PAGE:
• Restoration effect differs between organism groups: In general, restoration effect on diversity in the medium-term is highest for terrestrial and semi-aquatic groups like floodplain vegetation and ground beetles, intermediate for macrophytes, lower for fish and lowest for macroinvertebrates. This is especially true for channel-planform measures like re-meandering and widening/re-braiding.
  • Restoration has a higher effect on the number of individuals than on the number of taxa: This indicates that, in general, it is easier to increase the number of individuals in the restored reach than establishing new taxa.
  • Restoration effect only slightly differs between measures, i.e. there is no single “best” measure: There are no large differences in the overall effect of different measures but there is a tendency that terrestrial and semi-aquatic organism groups like floodplain vegetation, ground beetles and macrophytes benefit most from channel-planform measures and aquatic groups like fish and invertebrates from instream measures.
  • Conditions which favour restoration success can be identified but ecological outcome cannot be predicted with great certainty.
  • Overall, restoration success most strongly depends on project age, river width, and is affected by agricultural land use: Project age is the most important predictor affecting restoration success (Figure 2), but the direction of the effect of project age on restoration success differs between organism groups (no simple increase of restoration effect with time).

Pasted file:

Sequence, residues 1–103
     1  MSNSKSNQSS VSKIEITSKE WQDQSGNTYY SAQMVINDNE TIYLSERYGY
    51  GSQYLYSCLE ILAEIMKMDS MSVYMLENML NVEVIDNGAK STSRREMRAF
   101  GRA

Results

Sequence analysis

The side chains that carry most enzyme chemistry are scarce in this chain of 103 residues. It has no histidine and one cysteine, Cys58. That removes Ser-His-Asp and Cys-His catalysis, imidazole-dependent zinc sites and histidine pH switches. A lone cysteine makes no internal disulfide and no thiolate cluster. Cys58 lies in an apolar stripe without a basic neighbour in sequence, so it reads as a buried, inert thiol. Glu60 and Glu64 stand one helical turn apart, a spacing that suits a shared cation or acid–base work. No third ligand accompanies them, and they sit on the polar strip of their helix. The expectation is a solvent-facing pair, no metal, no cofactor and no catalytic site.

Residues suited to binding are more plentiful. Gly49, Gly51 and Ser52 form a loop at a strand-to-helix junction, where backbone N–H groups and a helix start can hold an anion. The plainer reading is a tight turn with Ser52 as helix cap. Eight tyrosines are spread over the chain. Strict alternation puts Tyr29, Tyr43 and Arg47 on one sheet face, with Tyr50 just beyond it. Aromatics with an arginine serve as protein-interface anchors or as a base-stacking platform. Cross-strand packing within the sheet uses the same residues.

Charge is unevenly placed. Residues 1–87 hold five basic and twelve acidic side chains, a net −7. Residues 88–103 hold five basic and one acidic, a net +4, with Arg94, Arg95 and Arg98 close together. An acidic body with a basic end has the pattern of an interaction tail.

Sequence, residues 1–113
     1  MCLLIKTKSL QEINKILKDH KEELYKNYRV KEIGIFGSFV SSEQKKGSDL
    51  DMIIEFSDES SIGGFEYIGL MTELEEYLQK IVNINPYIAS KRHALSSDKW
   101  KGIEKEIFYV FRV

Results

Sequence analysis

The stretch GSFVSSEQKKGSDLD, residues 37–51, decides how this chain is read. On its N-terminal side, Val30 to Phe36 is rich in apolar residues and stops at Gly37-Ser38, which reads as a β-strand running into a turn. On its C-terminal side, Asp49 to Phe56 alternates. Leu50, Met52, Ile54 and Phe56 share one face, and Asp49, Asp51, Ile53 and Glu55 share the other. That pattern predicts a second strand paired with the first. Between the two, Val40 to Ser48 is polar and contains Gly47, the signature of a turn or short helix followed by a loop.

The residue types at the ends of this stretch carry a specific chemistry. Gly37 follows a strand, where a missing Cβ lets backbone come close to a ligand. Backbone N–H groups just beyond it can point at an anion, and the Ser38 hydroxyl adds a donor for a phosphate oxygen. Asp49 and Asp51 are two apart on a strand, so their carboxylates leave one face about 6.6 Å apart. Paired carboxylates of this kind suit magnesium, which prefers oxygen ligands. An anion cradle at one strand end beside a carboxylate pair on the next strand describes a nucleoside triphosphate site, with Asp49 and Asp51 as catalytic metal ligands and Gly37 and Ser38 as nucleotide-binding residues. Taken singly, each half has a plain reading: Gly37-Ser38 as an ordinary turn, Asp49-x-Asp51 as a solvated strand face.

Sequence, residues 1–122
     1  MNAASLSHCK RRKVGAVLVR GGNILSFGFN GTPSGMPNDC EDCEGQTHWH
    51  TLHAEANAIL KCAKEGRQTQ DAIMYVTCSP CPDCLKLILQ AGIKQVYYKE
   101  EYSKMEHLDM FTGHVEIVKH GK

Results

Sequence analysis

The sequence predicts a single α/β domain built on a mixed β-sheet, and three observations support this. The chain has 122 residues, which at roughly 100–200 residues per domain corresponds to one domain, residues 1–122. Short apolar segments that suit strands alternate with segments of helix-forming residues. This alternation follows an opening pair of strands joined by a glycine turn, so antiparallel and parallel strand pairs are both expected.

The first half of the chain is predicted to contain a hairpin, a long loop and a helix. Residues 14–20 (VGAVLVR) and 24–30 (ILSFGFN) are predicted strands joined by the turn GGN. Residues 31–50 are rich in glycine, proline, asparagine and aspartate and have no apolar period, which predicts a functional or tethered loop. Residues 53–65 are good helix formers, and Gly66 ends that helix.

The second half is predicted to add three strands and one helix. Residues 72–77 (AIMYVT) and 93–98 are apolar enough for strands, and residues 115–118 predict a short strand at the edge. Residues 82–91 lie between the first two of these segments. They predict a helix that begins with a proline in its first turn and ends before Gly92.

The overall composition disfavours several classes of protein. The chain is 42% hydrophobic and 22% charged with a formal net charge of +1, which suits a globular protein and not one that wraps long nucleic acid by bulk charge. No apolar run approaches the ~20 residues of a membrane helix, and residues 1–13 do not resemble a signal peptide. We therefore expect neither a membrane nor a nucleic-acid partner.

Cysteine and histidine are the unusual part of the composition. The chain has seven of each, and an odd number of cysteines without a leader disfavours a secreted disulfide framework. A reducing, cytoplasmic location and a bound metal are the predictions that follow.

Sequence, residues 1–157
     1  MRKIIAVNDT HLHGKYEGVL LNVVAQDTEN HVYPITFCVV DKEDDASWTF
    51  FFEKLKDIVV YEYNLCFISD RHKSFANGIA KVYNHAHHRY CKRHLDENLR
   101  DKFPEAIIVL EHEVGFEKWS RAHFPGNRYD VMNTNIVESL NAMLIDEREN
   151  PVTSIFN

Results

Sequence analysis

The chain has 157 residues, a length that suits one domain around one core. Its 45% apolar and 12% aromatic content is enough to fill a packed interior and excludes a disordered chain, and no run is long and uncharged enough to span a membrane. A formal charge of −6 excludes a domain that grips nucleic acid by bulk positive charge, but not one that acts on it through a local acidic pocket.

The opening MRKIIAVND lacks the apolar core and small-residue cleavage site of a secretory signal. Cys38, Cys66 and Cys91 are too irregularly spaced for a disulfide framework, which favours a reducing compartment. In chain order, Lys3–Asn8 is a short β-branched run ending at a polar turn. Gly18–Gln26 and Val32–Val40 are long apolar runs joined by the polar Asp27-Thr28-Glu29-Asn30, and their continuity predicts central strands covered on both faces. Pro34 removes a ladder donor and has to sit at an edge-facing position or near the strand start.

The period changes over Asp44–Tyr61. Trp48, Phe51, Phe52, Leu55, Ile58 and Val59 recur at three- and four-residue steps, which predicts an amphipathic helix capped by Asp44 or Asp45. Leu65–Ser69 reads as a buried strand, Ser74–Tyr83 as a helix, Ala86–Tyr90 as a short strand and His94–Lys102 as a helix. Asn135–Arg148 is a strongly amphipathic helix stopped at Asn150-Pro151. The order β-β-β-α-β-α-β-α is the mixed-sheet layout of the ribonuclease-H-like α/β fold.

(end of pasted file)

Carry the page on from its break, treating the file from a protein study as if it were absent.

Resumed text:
Figure 2: Relative importance of catchment, river reach and project characteristics for restoration success.

In summary, it was possible to draw some initial and important conclusions for river management from the evaluation of hydromorphological restoration based on existing monitoring data. However, monitoring data are still scarce. More robust, practical, relevant and quantitative results (e.g. thresholds) could be derived and river management would benefit from:

  • Original monitoring data, which would allow the use of functional metrics to investigate the underlying processes and to infer causal relationships.
  • Full before-after-control-impact (BACI) monitoring designs, which most probably would substantially decrease scatter in the datasets and analyses.
  • A larger number of monitored projects, which easily could be accomplished since a large number of hydromorphological restoration measures will be implemented in the upcoming years.
  • The availability of long-time monitoring data sets to investigate the effect of project age, which was identified as the most important variable affecting restoration success.
  • A more intensive exchange and collaboration between river science and river management in planning monitoring programs is strongly recommended. This would offer a great opportunity to make fundamental advances in our understanding of how river restoration affects river hydromorphology and biota and to identify (cost-) effective restoration measures.

The full report “Evaluation of hydromorphological restoration from existing data” is available here.

 

Author: Jochem Kail (IGB/UDE)